Owls & Ashes

Most of the Way to Midnight
Mila's Playlist, Part 1

1. Jesus & Mary Chain: Head On

2. The Gun Club: Stranger in Our Town

3. Nick Cave & Birthday Party: Deep in the Woods

4. Joy Division: Day of the Lords

5. Killing Joke: Requiem

6. Bauhaus: Dark Entries

7. Stiff Little Fingers: Hits & Misses

8. Bad Religion: In the Night

9. A3: Too Sick to Pray

10. Ultravox: Just for a Moment

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13 Hours of Night, pt. II

YouTube Playlist

1. Dead Can Dance – Musica Eternal
2. Junkie XL feat. Saffron – Beauty Never Fades
3. Nick Cave & the Bad Seeds – Red Right Hand
4. Disturbd – Animal
5. Ashbury Heights – Dancer’s Nocturne
6. Peace Orchestra feat. Hubert Tubbs – Who Am I?
7. Gary Numan – Dark (Extended)
8. Silversun Pickups – Cannibal
9. Wumpscut – Wreath of Barbs
10. VNV Nation – Retaliate
11. David Bowie – Heart’s Filthy Lesson
12. Natalie Imbruglia – Smoke
13. This Mortal Coil – Song to the Siren

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Pretty When You Cry
You wouldn't like me when I'm angry

Theme for this interlude:

Mila wakes up, stretches, shakes off the vague feeling of unease that always comes from the knowledge that the sun is so recently sunk beneath the horizon. For a moment she feels . . . numbed. As though her senses are wrapped in cotton wool. She sits up confused, bleary, on the verge of panic. Why the hell can’t I . . . and then, through the fog, remembers.

Joe is sitting by her side, watching her, a look of calm adoration on his face. “It’s okay, babe. I’m here. Nothing bad is going to happen to you.”

Relaxation and reassurance wash over her and, with them, she feels her senses sharpening, the world coming back into focus. Or rather, into that edgy hyperfocus that has started to seem normal these past few months. It’s almost as if when she goes to sleep as the dawn threatens, she passes off her hypervigilance to Joe. Funny thing, she’s always relied on his strength to keep her safe. Now, she feels like she’s loaning him some of hers.

And his reliance on her Vitae is only . . . a little creepy. After all she thinks, not for the first time, it’s not like we haven’t been fluid-bonded for years. This is just . . . a slightly closer bond. Nothing weird about it at all. She smiles, if you could call it that. Yeah, right.

“Are you okay?” he asks. “Do you need anything? Are you . . . hungry?”

“A little? I did have a rather . . . full evening yesterday.” There’d been a small but tense and confusing Invictus event with Adrian that had involved some ritual tasting of thralls, in a test that she didn’t quite understand but had seemingly passed. And then a late date with the Senator, his blood redolent of expensive brandy, fine aged steaks, and—oh, how delightfully retro—just a soupçon of high-grade Bolivian cocaine. Mr. Senator, you naughty, naughty man. You naughty, ridiculously wealthy and powerful, and surprisingly generous man.

“Babe? You there?”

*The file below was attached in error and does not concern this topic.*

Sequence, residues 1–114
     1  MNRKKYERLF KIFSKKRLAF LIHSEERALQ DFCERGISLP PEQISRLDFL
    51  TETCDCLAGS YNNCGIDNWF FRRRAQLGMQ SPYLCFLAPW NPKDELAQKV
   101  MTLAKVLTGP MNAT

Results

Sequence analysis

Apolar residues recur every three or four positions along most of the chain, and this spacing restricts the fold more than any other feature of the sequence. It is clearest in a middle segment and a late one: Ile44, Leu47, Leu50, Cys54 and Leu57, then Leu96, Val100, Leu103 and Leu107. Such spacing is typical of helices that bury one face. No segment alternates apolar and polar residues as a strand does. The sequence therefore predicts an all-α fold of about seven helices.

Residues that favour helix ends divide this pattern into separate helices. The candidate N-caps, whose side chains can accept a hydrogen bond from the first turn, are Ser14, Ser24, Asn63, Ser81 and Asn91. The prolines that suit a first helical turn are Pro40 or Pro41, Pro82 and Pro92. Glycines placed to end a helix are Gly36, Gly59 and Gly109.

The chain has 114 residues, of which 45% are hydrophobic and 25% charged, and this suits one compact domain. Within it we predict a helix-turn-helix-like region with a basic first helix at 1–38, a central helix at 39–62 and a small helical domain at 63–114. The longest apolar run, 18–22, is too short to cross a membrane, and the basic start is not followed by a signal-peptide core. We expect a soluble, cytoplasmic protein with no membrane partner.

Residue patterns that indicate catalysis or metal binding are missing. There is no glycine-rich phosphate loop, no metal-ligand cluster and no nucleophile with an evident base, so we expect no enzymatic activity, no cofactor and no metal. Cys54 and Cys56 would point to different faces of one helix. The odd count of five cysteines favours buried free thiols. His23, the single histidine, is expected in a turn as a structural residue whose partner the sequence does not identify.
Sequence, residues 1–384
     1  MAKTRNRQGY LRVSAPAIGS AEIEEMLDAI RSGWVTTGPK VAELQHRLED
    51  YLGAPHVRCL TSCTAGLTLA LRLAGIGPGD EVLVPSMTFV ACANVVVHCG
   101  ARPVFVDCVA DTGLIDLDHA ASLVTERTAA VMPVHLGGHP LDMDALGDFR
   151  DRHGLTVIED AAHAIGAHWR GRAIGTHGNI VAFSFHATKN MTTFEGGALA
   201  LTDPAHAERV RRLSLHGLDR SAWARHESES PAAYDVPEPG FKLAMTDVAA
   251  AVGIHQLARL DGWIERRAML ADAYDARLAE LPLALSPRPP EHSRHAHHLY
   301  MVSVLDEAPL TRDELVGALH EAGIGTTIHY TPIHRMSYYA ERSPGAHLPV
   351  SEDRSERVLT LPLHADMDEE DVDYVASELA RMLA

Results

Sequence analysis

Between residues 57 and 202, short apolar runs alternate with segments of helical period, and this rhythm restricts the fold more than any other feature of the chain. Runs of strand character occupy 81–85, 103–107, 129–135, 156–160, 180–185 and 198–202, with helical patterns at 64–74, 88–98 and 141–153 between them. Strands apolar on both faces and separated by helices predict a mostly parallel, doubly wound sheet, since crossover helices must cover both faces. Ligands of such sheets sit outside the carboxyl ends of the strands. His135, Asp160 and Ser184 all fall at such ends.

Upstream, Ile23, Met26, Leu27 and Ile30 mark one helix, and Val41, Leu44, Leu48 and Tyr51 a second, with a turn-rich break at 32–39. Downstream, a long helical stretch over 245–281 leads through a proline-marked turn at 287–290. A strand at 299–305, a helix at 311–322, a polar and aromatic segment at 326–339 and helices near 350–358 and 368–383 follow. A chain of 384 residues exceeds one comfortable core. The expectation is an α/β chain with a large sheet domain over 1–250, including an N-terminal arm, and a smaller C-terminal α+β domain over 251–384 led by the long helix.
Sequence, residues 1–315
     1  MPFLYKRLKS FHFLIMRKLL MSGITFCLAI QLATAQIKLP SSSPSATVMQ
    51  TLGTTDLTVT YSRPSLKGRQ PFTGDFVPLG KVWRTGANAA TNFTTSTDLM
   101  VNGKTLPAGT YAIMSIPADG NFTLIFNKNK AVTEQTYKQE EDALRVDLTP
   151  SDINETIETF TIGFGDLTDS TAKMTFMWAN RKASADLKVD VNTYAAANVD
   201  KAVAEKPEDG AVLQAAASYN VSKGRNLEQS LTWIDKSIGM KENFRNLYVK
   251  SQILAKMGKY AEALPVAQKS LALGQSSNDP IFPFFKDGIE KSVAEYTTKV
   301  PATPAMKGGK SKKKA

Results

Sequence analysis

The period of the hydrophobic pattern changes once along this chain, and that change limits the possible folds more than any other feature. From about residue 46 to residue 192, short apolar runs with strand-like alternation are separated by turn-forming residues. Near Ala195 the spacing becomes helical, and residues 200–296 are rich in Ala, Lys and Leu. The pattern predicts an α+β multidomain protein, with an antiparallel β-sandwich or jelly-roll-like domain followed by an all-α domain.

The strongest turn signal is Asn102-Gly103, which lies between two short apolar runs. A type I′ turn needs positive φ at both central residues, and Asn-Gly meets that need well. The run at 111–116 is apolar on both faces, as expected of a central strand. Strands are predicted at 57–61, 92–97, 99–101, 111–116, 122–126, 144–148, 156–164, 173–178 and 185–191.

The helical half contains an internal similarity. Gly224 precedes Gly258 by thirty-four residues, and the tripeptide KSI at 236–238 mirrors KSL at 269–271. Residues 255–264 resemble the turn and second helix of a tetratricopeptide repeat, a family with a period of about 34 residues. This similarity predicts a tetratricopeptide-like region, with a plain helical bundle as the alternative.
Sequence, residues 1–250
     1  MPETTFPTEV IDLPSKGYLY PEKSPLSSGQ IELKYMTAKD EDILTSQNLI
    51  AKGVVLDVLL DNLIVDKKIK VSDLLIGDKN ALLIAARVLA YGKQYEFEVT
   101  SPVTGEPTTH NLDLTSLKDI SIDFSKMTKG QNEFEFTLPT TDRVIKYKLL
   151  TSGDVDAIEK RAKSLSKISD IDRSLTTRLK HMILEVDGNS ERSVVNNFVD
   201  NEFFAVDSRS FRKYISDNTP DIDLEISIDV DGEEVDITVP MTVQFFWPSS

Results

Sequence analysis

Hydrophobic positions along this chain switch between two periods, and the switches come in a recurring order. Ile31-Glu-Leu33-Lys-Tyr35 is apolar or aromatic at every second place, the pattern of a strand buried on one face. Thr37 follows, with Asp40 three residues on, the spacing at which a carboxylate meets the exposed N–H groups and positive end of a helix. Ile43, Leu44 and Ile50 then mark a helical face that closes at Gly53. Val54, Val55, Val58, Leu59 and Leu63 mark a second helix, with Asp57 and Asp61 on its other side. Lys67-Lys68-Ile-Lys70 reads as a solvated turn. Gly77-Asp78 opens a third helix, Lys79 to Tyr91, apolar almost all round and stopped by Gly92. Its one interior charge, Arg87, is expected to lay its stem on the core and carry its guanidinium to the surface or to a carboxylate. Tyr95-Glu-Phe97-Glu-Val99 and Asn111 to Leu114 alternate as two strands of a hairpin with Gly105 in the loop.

“Oh, sorry. Just . . . thinking about something.”

He sighs, looks down at the cement floor. “I guess you’re going out again tonight?”. His tone of voice would be heartbreaking, to anyone with a functioning heart. Not resentful, just . . . resigned. She’s been so caught up in this crazy new world, trying so hard to impress Adrian and, by extension, the Prince, that’s she been treating Joe like a faithful watchdog, and not much more.

“Oh hon, I’m so sorry. I know it’s been kind of . . . weird lately.”

“Yeah, just kinda. A bit.”

Sarcasm. That’s a good sign. He hasn’t lost himself, become some mindless junkie slave.

“Actually, I was thinking, tonight, you want to maybe go do something fun?”

He looks wary. No doubt wondering what the hell she considers fun these days.

“It’s Monday, right? You want to maybe go to Death Guild? We haven’t been in ages, and you always used to like it.”

His whole affect changes, tension draining from his stance. “Yeah. That sounds good. Really.”

• • • •

It’s harder than usual to find parking near the DNA, and the streets seem a bit more crowded than she’d expected. As they approach the club, she sees to her surprise a line snaking down the block.

“Oh, damn it. Right. The anniversary,” Joe mutters, exasperated. “I actually saw a flyer or something last week but I forgot since, well, it’s not like we go out that much anymore . . .”

On the marquee, mismatched letters announce “Death Guild 21st Anniversary Benefit! Burning Man Fund Raiser! Undead Go-Go Dancers!”

Amused at that last, Mila focuses, extending her senses into what she’s come to think of as the supernatural spectrum. Right up there somewhere above ultraviolet. Ha, could have guessed. “So, bun, funny thing?”

He looks at her quizzically.

“Wanna guess how many other folks like me are here tonight?”

“Hot redheads with too much eyeliner and big stompy boots?”

“Smartass. You know what I mean.”

“Yeah? So, you’re saying Death Guild is a hotbed of vampires? How . . . silly.”

“Yeah, not so much a hotbed. But there’s definitely a few of us here. And all of them inside. Seems like Kindred don’t wait on line. Huh. Let me try something.”

She approaches the doorman confidently, Joe trailing at her heels. What did Adrian tell her this was called? Oh yeah, “Dominate.” Nothing kinky about that.

“Hi, excuse me, I think we’re on the list?” She turns it on full force, whatever “it” is exactly, making steady eye contact, feeling almost like she’s radiating something from her core. Dazed, he barely even glances at his clipboard.

“Of course, VIP entrance is right over here.”

She sweeps confidently in, Joe in her wake. He just shakes his head. “So that’s what you use your superpowers for? Getting in free to clubs?”

“Hey it worked, right?”

• • • •